Our new paper, “Detecting the causal influence of thermal environments among climate regions in the United States“, is published in Journal of Environmental Management (IF: 8.910). This paper is from the collaboration with the Urban Environment Research Group at Arizona State University (ASU). The first author, Xueli Yang, is a Ph.D. candidate at ASU. Congratulations to Xueli!

The Share Link to download a copy of our paper is https://authors.elsevier.com/c/1fepj14Z6tlDl~ (valid until Oct 15, 2022).

Authors: Xueli Yang, Zhi-Hua Wang, Chenghao Wang, and Ying-Cheng Lai

Abstract: The quantification of cross-regional interactions for the atmospheric transport processes is of crucial importance to improve the predictive capacity of climatic and environmental system modeling. The dynamic interactions in these complex systems are often nonlinear and non-separable, making conventional approaches of causal inference, such as statistical correlation or Granger causality, infeasible or ineffective. In this study, we applied an advanced approach, based on the convergent cross mapping algorithm, to detect and quantify the causal influence among different climate regions in the contiguous U.S. in response to temperature perturbations using the long-term (1901–2018) climatology of near surface air temperature record. Our results show that the directed causal network constructed by convergent cross mapping algorithm, enables us to distinguish the causal links from spurious ones rendered by statistical correlation. We also find that the Ohio Valley region, as an atmospheric convergent zone, acts as the regional gateway and mediator to the long-term thermal environments in the U.S. In addition, the temporal evolution of dynamic causality of temperature exhibits superposition of periodicities at various time scales, highlighting the impact of prominent low frequency climate variabilities such as El Niño–Southern Oscillation. The proposed method in this work will help to promote novel system-based and data-driven framework in studying the integrated environmental system dynamics.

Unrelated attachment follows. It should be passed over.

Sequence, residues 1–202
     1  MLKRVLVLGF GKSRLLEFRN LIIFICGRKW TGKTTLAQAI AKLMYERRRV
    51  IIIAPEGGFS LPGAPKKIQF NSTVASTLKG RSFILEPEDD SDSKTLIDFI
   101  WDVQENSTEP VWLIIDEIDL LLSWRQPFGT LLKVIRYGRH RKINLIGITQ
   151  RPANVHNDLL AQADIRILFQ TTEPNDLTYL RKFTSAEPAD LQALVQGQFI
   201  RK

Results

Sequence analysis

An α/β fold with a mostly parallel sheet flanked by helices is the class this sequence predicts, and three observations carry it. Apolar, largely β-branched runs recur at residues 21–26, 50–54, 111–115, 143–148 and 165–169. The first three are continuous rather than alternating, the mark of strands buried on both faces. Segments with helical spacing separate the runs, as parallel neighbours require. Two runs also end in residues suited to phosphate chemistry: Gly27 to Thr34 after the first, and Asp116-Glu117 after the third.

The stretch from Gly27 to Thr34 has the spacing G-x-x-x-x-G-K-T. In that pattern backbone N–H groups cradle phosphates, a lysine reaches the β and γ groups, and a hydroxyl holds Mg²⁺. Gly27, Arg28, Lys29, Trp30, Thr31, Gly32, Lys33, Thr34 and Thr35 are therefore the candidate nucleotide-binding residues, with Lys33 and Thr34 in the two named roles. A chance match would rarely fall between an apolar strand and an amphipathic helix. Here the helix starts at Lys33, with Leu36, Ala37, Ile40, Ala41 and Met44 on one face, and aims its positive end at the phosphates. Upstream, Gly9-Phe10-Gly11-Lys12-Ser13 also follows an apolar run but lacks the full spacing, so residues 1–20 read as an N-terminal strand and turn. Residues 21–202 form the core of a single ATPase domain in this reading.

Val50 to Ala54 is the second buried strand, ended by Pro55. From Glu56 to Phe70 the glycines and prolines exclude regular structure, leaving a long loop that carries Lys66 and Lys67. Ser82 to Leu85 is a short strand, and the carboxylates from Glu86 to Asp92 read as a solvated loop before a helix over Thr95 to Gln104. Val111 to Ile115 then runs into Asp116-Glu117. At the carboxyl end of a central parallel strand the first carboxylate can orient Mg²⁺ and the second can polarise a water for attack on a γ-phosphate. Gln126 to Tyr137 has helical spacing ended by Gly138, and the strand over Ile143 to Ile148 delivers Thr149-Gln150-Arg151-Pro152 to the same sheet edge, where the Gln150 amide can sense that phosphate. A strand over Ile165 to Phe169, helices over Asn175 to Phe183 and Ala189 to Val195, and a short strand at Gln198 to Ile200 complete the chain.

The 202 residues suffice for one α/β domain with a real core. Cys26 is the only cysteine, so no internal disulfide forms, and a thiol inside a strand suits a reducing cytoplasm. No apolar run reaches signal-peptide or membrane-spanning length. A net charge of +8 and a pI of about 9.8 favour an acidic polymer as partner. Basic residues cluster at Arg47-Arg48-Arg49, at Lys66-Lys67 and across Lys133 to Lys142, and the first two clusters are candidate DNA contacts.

DOI: https://doi.org/10.1016/j.jenvman.2022.116001

Fig. 3. Comparison of the correlation and causality networks for the nine CONUS climate regions: (a) the matrix of connectivity determined by undirected statistical correlation, (b) the matrix of connectivity determined by directed causality, and (c) graphic representation of causal and spurious links resulted from (a) and (b), with a threshold strength of 0.5. Cells with dashed boxes in (a) and (b) represent causally (above the threshold) connected pairs. The gray dashed lines represent the spurious link between different regions, and lines with an arrow the directed causal influence with strength denoted by different colors (the same scale as in (b)).